• I stand by weights when it comes to most gluten-free recipes. Changed my perceptions and accuracy when I got a scale, and they’re totally not an expensive addition. I highly recommend it – makes adapting recipes exponentially easier.

  4. Wonderful job Jaqueline! These are pretty perfect if I do say so myself. They look puffy and soft and you really stuffed them with an amazing array of stuff. I can’t wait for your choice! :)

  5. ahha! I see why they are called compost cookies – I’m so dense. However, OH MY GOD THESE LOOK SO GOOD. I want one. The top photo is also most incredible. So impressed, Dusty :D

  6. rosemarried says:

    I’ve been meaning to make these cookies! Gosh, I just adore every recipe from this book. Your version looks FANTASTIC. Have I ever told you that I have no clue how you bake the stuff you do (especially considering that it’s all GF?). You are one talented lady.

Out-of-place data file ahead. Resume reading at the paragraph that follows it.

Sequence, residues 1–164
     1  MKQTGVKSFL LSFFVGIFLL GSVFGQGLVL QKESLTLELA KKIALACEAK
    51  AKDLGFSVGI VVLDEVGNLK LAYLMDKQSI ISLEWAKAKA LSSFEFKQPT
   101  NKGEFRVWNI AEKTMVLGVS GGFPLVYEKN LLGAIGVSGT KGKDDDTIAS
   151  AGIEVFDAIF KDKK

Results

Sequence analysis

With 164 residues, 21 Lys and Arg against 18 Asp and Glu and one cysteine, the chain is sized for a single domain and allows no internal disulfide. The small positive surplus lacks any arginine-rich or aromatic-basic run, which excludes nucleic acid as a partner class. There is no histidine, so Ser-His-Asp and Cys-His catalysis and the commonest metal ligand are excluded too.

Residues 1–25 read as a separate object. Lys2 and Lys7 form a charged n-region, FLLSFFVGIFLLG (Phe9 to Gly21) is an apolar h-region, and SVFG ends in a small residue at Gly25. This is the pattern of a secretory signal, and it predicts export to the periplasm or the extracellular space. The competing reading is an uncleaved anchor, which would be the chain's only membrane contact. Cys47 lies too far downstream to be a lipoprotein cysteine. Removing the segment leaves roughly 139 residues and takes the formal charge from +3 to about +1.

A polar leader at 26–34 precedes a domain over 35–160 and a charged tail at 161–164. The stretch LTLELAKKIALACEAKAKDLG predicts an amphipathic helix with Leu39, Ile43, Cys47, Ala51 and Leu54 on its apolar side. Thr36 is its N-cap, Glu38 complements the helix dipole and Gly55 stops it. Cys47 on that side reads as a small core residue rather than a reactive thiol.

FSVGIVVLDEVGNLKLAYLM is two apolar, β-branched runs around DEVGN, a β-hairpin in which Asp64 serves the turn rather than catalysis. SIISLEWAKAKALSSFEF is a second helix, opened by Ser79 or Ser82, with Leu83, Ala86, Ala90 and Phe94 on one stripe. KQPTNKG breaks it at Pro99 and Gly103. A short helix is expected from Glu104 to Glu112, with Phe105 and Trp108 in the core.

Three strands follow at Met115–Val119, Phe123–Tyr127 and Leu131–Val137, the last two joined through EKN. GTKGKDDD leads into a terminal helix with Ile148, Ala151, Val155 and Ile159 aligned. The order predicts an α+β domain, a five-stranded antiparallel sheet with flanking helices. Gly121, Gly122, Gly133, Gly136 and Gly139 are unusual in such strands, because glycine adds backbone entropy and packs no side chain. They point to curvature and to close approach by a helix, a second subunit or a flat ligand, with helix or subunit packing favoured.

• Aw, thanks darling. It’s second nature now. If I take a new chef gig I’m going to have to remind myself how wheat flour and cow’s milk work!!!

  7. RisaG says:

    My question is – did you use the glucose and what does it do for the cookies? I can’t get it and don’t feel like ordering it just for one recipe. Can I use honey instead since it is also a mixture of fructose and glucose? Isn’t it similar enough? Or can I use agave nectar?

    • I used molasses instead and corn syrup is listed as an option. I’d suggest trying glucose at some point just for the fun of it. It’s thicker than corn syrup and does provide a different texture. I was so happy with the way these came out though that I’m sticking with this recipe.

  8. thespicyrd says:

    Wow! These cookies are a MUST! At first thought, the potato chips are a little strange, but I can imagine the little taste of salty goodness they bring to each bite. Can’t wait to make these!!

    • They.Are.So.Good. I have a bag of frozen cookie pieces in my freezer for a future recipe and even just two little nibbles sends me flying in a sugary, cracked out state of ecstasy.